“Tibet: one of the most remote kingdoms on the roof of the world”
Tibet has seemed one of the most remote and inaccessible kingdoms on Earth. In the 19th century, aware of the colonial designs of European power on central Asia, Tibet expelled westerners and closed its frontiers. The country’s isolation lasted until British colonialists finally managed to penetrate the hidden city of Lhasa. Tibet at the end of the nineteenth century was one of the last great unexplored regions of the world – a mysterious kingdom on the rooftop of the world. As it became aware of the colonial designs of European power on central Asia, Tibet expelled westerners and closed its frontiers. As its isolation deepened, so did Tibet's allure and mystique. European and North American ‘gentlemen’ explorers, government agents, missionaries and adventurers had managed to penetrate nearly every other corner of Africa and Asia. Yet Tibet remained as a tantalizing fruit ready to fall into the hand of the first person to pluck it.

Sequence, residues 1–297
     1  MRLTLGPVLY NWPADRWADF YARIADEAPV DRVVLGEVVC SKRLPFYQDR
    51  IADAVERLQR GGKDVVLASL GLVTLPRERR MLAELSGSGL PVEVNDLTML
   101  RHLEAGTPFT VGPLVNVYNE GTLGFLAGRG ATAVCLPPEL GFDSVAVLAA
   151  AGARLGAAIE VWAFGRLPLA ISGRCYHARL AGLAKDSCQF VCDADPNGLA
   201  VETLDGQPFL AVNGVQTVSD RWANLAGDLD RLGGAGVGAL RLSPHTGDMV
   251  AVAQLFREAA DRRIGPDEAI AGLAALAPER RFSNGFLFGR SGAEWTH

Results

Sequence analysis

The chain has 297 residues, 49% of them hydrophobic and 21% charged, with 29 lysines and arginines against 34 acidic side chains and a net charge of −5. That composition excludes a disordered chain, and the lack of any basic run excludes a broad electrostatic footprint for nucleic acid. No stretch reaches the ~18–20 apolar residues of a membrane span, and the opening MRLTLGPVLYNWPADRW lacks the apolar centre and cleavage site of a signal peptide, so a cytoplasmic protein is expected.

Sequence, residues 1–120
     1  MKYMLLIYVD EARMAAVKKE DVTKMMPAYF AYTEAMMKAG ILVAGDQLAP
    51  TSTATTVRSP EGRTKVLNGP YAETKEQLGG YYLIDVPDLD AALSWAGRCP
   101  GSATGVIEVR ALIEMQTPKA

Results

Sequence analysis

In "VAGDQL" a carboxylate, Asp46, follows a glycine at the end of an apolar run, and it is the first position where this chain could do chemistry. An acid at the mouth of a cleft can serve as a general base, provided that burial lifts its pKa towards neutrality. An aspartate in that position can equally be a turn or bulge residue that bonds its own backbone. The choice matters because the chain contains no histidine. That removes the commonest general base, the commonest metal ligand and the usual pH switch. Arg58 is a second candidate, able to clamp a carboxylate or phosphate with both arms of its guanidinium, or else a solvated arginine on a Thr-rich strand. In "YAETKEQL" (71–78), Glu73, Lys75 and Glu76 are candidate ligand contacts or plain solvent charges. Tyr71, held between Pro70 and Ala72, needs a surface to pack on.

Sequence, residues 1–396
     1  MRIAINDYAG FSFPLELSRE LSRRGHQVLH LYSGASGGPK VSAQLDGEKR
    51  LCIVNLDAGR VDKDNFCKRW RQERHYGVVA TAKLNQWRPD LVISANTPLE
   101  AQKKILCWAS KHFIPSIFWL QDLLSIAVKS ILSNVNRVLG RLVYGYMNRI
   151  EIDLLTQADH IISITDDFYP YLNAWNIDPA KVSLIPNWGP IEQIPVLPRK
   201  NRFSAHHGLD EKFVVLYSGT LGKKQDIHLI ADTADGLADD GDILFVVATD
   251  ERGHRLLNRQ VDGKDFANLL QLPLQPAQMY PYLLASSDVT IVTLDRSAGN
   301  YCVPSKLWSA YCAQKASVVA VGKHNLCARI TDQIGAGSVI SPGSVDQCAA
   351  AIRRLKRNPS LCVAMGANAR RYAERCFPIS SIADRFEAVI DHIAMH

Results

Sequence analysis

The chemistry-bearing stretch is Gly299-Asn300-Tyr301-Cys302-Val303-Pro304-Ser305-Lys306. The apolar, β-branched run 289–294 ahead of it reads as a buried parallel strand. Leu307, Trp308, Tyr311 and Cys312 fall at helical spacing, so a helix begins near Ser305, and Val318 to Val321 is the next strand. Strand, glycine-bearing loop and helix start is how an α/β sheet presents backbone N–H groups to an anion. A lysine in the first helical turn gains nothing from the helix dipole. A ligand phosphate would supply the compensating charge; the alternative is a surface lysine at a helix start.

Naturally, therefore, many British military and civil servants thought to pluck it on behalf of Queen Victoria and the British Empire. In 1865, the British first sent Nain Singh, an unassuming Indian Hillman, into Tibet to map its treacherous mountain passes. This documentary follows his travels, triumphs and tribulations through some of the worlds highest altitudes and hottest deserts. Later, Lord Curzon, the British viceroy in India, sent Younghusband with a military expedition into Tibet in 1904, where he forced a treaty upon the Dalai Lama, opening Tibet to Western trade.
Francis Younghusband, a British Army officer, colonialist and explorer, with the help of Nain Sing, managed to penetrate the hidden city of Lhasa and bring to an end the country’s years of isolation. He forced the conclusion of the Anglo-Tibetan Treaty (September 1904) that gained Britain long-sought trade concessions. This documentary cleverly blends authentic black/white images and documents with modern colour footage of the once forbidden land and interviews with historians and Tibet experts. Winner of the Cine Golden Eagle Award. This documentary is part of the highly acclaimed ‘Treasure Seekers’ series, produced for National Geographic.